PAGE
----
Second-unit role with Eagles boosting Johnson's leadership skills

Posted: August 15, 2014

FOXBOROUGH, Mass. - You seldom see the highest drafted of 90 players on an NFL training-camp roster practicing with the second string, though that has been the reality of this summer for Lane Johnson.

But the second-year right tackle, who will miss the first four games of the coming season after violating the league's policy on performance-enhancing substances, appears to be making the most of his time with the backup offensive line. Playing alongside other young linemen rather than directly next to 10-year veteran Todd Herremans has compelled Johnson to become more vocal on the field as he also continues to develop his technique.

By far the most heralded player on a reserve unit consisting of fellow second-year players in center David Molk and left guard Matt Tobin, a third-year pro in right guard Dennis Kelly and journeyman left tackle Andrew Gardner, Johnson is "sort of taking the reins," he noted, rather than relying on Herremans to offer directions.

Somewhat of a silver lining of a faulty situation, one might say.

"I feel like I can make all the calls," Johnson, last year's fourth overall draft pick, said yesterday after the second of three joint practices with the Patriots preceding tomorrow night's preseason game. "I don't really need all the help from Todd like I did last year. I just feel a lot more confident just knowing my job."

"I think it really has helped me in that light," concluded the 24-year-old Oklahoma product.

Come next month, Johnson, who started every game as a rookie and improved as the season wore on, will miss out on considerable practice reps, a circumstance that certainly won't abet his development. Once the season begins, Johnson won't be eligible to practice or allowed to work out in the NovaCare Complex until Sept. 29, the day after the Eagles' Week 4 game at San Francisco.

With that in mind, coach Chip Kelly was asked yesterday whether the Eagles planned to give Johnson any first-team reps before training camp ends. Kelly said the staff had not discussed it, explaining the need to ensure that Allen Barbre, who will start the first four games in Johnson's place, is ready come the Sept. 7 opener against the Jaguars.

The coach said Johnson's snaps with the second team have helped him grow as a player, particularly regarding the mental aspects of the game.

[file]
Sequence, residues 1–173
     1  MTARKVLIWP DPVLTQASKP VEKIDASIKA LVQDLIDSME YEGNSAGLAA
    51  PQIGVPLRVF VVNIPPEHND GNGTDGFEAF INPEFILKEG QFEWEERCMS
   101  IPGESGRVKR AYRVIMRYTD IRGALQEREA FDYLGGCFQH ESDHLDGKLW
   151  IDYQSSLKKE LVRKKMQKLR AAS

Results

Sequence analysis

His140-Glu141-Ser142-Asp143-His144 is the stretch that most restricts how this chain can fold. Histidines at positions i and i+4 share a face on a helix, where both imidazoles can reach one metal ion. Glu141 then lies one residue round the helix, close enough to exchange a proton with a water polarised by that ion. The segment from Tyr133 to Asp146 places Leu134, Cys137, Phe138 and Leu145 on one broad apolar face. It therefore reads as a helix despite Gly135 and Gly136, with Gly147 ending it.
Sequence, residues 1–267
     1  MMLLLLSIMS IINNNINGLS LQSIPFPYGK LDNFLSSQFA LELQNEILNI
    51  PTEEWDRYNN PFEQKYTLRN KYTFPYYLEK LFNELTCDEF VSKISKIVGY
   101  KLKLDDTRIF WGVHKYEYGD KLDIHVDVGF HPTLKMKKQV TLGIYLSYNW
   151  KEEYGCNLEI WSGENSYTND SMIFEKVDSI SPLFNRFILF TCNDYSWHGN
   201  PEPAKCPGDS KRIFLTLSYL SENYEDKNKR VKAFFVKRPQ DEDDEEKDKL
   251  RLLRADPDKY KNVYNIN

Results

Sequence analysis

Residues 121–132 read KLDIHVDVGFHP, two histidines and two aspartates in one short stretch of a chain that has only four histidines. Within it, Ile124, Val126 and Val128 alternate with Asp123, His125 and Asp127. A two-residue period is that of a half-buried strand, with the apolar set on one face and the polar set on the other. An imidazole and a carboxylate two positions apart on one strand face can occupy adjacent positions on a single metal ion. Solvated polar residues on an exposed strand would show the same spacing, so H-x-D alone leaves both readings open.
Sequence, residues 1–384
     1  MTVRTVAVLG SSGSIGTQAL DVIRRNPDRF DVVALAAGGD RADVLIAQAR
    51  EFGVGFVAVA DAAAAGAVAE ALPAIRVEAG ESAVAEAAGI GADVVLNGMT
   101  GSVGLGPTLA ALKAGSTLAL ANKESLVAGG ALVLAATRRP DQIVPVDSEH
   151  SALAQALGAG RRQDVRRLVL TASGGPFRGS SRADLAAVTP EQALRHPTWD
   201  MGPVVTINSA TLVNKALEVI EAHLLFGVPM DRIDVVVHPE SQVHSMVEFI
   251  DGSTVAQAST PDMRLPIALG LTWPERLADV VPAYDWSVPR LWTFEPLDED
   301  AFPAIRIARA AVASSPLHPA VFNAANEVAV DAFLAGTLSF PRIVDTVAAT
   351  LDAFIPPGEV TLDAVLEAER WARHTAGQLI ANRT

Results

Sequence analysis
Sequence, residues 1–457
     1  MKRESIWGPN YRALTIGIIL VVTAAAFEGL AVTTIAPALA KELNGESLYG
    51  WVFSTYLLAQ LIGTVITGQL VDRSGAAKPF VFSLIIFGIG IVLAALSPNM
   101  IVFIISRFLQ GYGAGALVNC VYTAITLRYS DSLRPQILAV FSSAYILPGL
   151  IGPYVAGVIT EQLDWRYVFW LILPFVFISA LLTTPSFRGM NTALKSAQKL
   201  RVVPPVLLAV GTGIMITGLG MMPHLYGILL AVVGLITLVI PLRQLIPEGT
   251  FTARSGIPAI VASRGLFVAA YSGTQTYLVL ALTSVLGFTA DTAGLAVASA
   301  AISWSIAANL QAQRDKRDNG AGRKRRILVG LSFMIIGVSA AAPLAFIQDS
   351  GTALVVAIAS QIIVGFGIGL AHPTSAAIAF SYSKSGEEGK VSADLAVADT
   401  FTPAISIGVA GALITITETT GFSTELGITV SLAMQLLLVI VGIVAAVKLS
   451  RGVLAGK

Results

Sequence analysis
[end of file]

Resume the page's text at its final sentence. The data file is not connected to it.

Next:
"I don't think, when he does come back, when he gets an opportunity to get into the lineup next to Todd, it's like he's going to forget what Todd looks like," he added. "They work closely every single day in practice. I think a little bit of that is overblown. The big thing for us is making sure we're getting ready for our first game against Jacksonville, and we've got to play four games without him, so we've got to get Allen as many reps as he can [get]."

Johnson has yet to finalize his plan for the 4 weeks he will miss but said he should next week know where he's set to spend the time training. Likely somewhere close to Philadelphia, he said.

The most challenging part once he returns, he said, will be making sure he's on the same page as the rest of the offensive linemen regarding schemes, some of which can change week to week, depending on the strengths and weaknesses of the opponent. Depending on Barbre's performances in the first four games, it's certainly plausible he could remain the starter through Week 5 or Week 6 while Johnson gets reacclimated.

Though with the second unit, Johnson still has been able throughout training camp to take turns in pass-rush drills blocking first-team defenders such as outside linebacker Connor Barwin. Also, he actually gets more reps in preseason games with the second team than he would with the starters. But once the season rolls around, he'll be basically on his own.

"I think Lane's been doing great," Herremans said. "I think he's been working a lot on his technique over the summer and in this training camp he seems to be getting more lift on his drive blocks. He seems a lot more in balance in his pass sets. I think that he's really taken advantage of the time that he has right now to work on his technical game."

Johnson said he considers himself a better player than he was at the conclusion of his rookie season. Hand placement was a focus in the offseason, and one aspect of his position on which he thinks he's improved.

"I feel like a lot more comfortable in my set and just knowing my job, knowing what sets to take," he said. "I just feel a lot more knowledgeable, having the learning experience of last year. I think I'm in a good place."

On Twitter: @jakemkaplan

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